Letters to the editor | Edition 8 April 2023
Letters are welcome by email to [email protected]
Danish political tour
The move by the Danish Social Democrats to punitive anti-immigrant policies has failed to win back voters for the left, you say (“advanced disease”, June 17). However, an analysis of the Social Democrats was published by myself and a co-author in the British Journal of Political Science showing just the opposite. We found that left-wing parties in Denmark won a majority in 2019 simply because the Social Democrats had moved to the right.
In addition, studies that concluded that the left in Denmark did not benefit from a right move on immigration have two important flaws. First, they usually focus only on the Social Democrats and not on the left as a whole. Although the Social Democrats who move to the right on immigration tend to lose votes to green or socialist parties, the left as a whole gains and will have more votes because there is a shift to right wing also attracting supporters from anti-immigration parties.
Secondly, the studies do not take into account that social democratic parties that decide to move right do so strategically to avoid the issue. This makes the strategy less effective than it really is. Our study supports these issues. It is clear that accepting the right to immigrate helps the left.
Martin Vinaes Larsen
Department of Political Science
Your discussion of UK vaping policy correctly balanced the desirability of finding an effective way for adults to stop smoking with the risk of creating an undesirable incentive for young people to start (“Fears over vapes ”, 24 June). Your suggestion that it would help make disposable vapes more expensive by imposing more taxes is true, but for reasons that are not obvious. In Britain vapes only attract value added tax. Policymakers are concerned that introducing excise duty on vapes makes them more expensive and could deter adult smokers from switching.
However, we know from the tobacco market that duty-charged products require much stricter sales controls and reporting. These controls would give the authorities a better chance to combat the reckless sale of illegal vans that are ruining the sector. As a responsible manufacturer, we support a small vape tax based on volume on this basis.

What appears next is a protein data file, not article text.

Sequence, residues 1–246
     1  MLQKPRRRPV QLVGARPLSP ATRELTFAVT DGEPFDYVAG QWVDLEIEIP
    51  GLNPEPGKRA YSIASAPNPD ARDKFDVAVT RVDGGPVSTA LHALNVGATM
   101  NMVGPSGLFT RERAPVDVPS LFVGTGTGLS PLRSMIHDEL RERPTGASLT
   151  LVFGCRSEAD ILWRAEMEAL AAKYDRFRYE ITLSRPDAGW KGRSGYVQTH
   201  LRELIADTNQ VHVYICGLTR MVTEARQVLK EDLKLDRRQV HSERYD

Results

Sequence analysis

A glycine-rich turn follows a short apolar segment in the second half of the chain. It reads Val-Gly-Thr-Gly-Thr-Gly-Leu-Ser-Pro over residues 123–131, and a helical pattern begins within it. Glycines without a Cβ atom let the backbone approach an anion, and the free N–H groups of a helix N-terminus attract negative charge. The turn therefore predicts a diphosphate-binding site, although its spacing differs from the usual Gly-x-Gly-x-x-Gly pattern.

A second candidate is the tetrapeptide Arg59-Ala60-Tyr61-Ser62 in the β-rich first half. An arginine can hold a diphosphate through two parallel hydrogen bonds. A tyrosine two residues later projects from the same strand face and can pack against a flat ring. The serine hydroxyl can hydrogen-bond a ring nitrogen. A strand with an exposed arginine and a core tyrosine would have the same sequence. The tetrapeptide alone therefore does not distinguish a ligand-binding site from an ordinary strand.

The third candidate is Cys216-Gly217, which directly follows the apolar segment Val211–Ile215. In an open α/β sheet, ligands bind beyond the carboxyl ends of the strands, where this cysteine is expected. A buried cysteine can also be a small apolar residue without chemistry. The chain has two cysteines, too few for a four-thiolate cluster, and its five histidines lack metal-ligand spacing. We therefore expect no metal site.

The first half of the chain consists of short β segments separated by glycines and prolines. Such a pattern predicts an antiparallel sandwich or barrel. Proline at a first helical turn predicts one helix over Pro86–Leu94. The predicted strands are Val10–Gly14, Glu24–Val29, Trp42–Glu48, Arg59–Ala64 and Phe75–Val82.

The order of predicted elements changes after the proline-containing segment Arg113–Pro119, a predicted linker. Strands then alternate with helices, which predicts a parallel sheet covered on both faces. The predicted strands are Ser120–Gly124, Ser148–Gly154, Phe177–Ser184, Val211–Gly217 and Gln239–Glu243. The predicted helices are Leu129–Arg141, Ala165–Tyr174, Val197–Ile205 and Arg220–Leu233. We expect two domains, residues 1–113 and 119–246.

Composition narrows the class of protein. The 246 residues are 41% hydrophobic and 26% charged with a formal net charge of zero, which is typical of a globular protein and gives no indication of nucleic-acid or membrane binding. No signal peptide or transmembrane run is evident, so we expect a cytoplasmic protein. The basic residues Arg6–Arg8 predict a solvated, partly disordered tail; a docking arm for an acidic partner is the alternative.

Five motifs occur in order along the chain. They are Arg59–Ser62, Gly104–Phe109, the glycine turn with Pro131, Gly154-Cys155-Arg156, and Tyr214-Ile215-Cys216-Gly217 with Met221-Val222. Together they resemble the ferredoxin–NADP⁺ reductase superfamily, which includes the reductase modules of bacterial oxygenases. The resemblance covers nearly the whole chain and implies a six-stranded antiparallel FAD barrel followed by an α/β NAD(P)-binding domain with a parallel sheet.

Group corporate affairs director
Regarding the Indian diaspora (“Making it as migrants”, June 17), it is useful to make distinctions about the world’s dispersed communities. The classic diasporas, such as Armenian, Greek and Jewish, tend to have distinct multi-generational identities and loose networks of transnational connections among themselves. Newer immigrant communities tend to be economic migrants. Settlers and their descendants, or slaves and their descendants, may or may not identify themselves as diasporas. Is Joe Biden part of the Irish diaspora? Is Barack Obama a member of the African diaspora? “Irish” and “African” can have different meanings in identifying identity.
So it is with Indian and Chinese communities around the world. Many are recent economic migrants. Within both, there are various sub-national, ethnic, religious, socio-economic and other differences. It would be wrong to talk about one Indian diaspora or Chinese diaspora, and consider their relations with governments in Delhi or Beijing in monolithic terms.
Complicated relationships with country governments lead to a more recent conversation. Others may refer to the waves of people who have left Russia since the spring of 2022 as migrants, emigrants, or diaspora. But many use a different term to describe themselves, resentment. They have not necessarily dispersed or migrated, but they have moved. For now.
A real test of Narendra Modi’s political skills (Banyan, June 17) would be a successful campaign to tackle malnutrition in India. Government studies show that more than a third of Indian children do not reach their full growth potential, physically and mentally. The stunting rate (low height for age) for children under 5 years was 38.4% in 2015-16 and 35.5% in 2019-21. At this slow rate of development it would take India 40 years to catch up with China.